Senuna was a Celtic goddess worshipped in Roman Britain, whose name was at first read incorrectly as Senua. She was unknown until a cache of 26 votive offerings to her were discovered in 2002 in an undisclosed field at Ashwell End in Hertfordshire by metal detectorist Alan Meek (photographed here). Her imagery shows evidence of syncretism between a pre-Roman goddess with the Roman Minerva (for a parallel, cf. Sulis Minerva, the Romano-British goddess worshipped at Bath).
Senuna's shrine consisted of a ritual midden, onto which offerings were thrown, surrounded by a complex of buildings including workshops and accommodation for pilgrims. It was certainly no humble crossroads shrine. The dedicatory artefacts kept in the shrine were subsequently buried together on the edge of the midden, perhaps intended for temporary safe-keeping, in the late 3rd or 4th century CE.
The offerings to Senuna include silver plaques with gold highlights, seven gold plaques and a superb set of jewellery, including a brooch and cloak clasps. The plaques still have the metal tabs which allowed them to be set upright, and are so thin that they would then have shivered and glittered in any draught. Some votive plaques were punched out in tiny holes, some incised. The jewellery incorporated older gems and glass beads, including a superb carved cameo of a lion trampling an ox skull which was already old and worn before it was set into the brooch. All of the jewellery shared intricate decoration in minutely coiled wire, and the set may have been specially made as an offering. An exhibit of offerings to Senua may be seen in Room 49 of the British Museum, labelled "Near Baldock Hoard".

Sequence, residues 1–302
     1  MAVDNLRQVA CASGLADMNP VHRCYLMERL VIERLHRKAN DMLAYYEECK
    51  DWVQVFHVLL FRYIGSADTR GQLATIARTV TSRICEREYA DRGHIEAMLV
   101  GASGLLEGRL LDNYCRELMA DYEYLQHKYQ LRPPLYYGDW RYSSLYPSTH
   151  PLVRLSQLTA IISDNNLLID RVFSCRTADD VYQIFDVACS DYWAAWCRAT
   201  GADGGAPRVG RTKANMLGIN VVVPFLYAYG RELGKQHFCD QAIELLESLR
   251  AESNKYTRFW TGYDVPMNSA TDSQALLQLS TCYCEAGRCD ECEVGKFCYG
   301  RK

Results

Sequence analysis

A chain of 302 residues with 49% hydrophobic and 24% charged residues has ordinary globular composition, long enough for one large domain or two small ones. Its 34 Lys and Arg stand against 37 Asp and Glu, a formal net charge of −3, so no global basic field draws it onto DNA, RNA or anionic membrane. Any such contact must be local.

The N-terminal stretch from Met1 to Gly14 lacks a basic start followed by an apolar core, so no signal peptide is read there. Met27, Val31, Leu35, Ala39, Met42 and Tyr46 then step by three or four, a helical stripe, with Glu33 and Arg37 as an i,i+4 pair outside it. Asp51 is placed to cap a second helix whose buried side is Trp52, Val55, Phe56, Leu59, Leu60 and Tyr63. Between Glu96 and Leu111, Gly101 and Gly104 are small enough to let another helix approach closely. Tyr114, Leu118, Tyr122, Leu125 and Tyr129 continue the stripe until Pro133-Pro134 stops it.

As well as the jewellery, there were deposits of Celtic coins, mostly several centuries old at the time of deposition, and of Bronze Age metalwork, perhaps collected from local round barrows. There were also food offerings of piglets and small quantities of cremated human bone.
The Senuna hoard includes at least five inscriptions. One example reads,
Another inscription found on a votive offering of jewellery was left by a man named Servandus of Spain:
The silver figurine portrays Senuna as a graceful woman with hair coiled in a bun. The breast, arms and face of the goddess rotted away in the soil centuries ago.
Senuna's name appears in various forms on the votive plaques, namely Senuna, Sena, and Senua. Conceivably it might be related to the Proto-Celtic *seno- 'old'. In the Ravenna Cosmography senua forms part of one name located most likely in the Solent.